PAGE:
In the opening minutes of “Kicks,” an Oakland-set coming-of-age film from first time feature director Justin Tipping, it’s clear 15-year-old Brandon (Jahking Guillory) is just a kid looking for a break.
He’s small, gets picked on, and longs to have and be more than he is.
A pair of shoes gets him exactly what he’s looking for.
They’re not just any pair of shoes, of course. They’re a coveted pair Air Jordans, which he buys from a man selling them out of the back of a van.
For a bit, it seems life has given him the validation he was seeking, but just as quickly, it’s taken from him by a group of neighborhood bullies led by a notoriously tough figure named Flaco (Kofi Siriboe). Except this time, Brandon is determined not to let his status symbol go so easily.
The adventure that ensues is on its surface a film about a group of almost-teens fighting back. But a series of twists, bad decisions and an imaginary astronaut help transform the movie into a poignant exploration of violence and masculinity.
The story was inspired by Tipping’s own experience with getting jumped as a teen — a “humiliating rite of passage” in his childhood Bay Area neighborhood.
Tipping remembers his brother trying to comfort him after it happened, telling him “It’s okay, you’re a man now.” As an adult, he wondered why is masculinity synonymous with violence. That’s when “Kicks” was born.
But a rated R movie about young people of color with no role for a big-name celebrity anchor and a silent astronaut wasn’t an easy sell. And Tipping and Joshua Beirne-Golden, his friend and collaborator since film school, weren’t keen on compromising any elements.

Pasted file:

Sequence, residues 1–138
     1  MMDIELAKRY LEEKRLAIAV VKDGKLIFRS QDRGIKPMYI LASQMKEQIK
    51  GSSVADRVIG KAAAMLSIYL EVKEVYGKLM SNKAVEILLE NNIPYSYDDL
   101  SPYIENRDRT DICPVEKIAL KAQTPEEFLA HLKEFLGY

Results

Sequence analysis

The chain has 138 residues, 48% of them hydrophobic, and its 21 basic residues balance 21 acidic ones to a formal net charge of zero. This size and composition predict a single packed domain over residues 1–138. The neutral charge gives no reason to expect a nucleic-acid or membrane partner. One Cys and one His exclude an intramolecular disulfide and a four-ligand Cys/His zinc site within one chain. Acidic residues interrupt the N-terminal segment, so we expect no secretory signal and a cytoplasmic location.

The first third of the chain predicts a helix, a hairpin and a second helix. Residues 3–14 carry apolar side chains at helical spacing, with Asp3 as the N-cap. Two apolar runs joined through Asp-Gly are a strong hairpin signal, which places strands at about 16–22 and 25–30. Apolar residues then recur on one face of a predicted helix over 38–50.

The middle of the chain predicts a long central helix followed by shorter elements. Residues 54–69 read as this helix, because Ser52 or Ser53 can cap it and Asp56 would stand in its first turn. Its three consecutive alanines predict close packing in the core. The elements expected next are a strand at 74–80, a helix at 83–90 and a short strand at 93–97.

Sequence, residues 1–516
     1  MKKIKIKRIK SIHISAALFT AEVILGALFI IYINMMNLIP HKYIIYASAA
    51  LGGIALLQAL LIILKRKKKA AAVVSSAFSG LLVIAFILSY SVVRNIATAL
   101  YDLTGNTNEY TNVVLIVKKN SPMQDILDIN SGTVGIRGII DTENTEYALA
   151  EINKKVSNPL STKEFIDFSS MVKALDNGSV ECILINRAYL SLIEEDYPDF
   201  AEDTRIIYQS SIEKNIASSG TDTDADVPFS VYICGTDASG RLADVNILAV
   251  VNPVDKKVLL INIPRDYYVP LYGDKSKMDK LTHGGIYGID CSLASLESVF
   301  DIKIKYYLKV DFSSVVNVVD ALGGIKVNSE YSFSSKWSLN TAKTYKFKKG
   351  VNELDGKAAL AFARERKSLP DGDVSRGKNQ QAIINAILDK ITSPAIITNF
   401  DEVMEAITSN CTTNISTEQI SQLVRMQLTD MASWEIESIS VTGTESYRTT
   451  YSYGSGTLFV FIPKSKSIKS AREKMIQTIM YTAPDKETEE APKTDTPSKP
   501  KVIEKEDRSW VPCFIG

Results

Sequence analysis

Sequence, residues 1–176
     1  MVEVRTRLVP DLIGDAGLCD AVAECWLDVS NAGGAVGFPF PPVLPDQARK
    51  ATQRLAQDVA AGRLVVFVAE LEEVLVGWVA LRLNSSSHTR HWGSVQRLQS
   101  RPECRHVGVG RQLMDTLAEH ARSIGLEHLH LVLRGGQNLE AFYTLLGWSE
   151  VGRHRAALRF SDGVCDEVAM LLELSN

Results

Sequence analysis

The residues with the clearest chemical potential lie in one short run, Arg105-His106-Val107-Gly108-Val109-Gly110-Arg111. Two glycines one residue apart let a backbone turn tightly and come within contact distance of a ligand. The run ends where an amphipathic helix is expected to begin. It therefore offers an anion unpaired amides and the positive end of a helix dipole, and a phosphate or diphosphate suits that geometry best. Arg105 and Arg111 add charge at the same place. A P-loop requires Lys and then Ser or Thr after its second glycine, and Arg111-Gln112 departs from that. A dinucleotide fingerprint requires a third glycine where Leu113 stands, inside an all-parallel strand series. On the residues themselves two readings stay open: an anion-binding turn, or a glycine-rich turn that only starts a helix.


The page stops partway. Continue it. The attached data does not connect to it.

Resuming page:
“We made it especially difficult for ourselves,” Beirne-Golden told CNN in an recent interview. “It took someone who was going to have a leap of faith that we could do it.”
Once funding was secure, they set out to find their cast. The three male teen stars — Christopher Meyer, Guillory and Christopher Jordan Wallace (son of Biggie Smalls) — were brought to them by their casting director. More minor roles were filled by kids from around the Bay Area, plucked from youth groups and after school programs.
“We saw 100 kids through casting director in LA and you can tell if they’ve been through the whole Nickelodeon or Disney thing,” Tipping said. “That’s one specific tone but we weren’t going for that.”
Casting their astronaut was another hurdle.
In the film, the character follows around Brandon as a guide of sorts — there when things get tough. It’s an unexpected surreal element meant to be a metaphor for “machismo,” says Tipping. As the film goes on, the audience comes to realize Brandon’s protector might not be everything he’s cracked up to be.
In real life, “machismo” was actually played by a woman.
“She was a dancer,” Beirne-Golden said of actress Molly Shaiken, “which was really important because of the way we executed it.”
The goal was to find someone who could mimic weightlessness — because the first-time feature makers didn’t have a Christopher Nolan visual effects budget.
“[In one scene], we couldn’t put in a rig and let her actually float, so she literally had to pretend to float,” Tipping said. “She was amazing.”
The filmmakers admit the mix of elements in “Kicks” may strike some as unexpected. But that’s exactly what they set out to do in making a film they hope will start a conversation about youth, violence, and what young boys are being taught about masculinity.
“I think ultimately we just were looking to ask a lot of questions,” Beirne-Golden said.
Tipping added: “I think it’s our job and duty as artists to challenge and question what is actually happening, even if that’s a bittersweet reality.”
“Kicks” debuts in theaters Friday.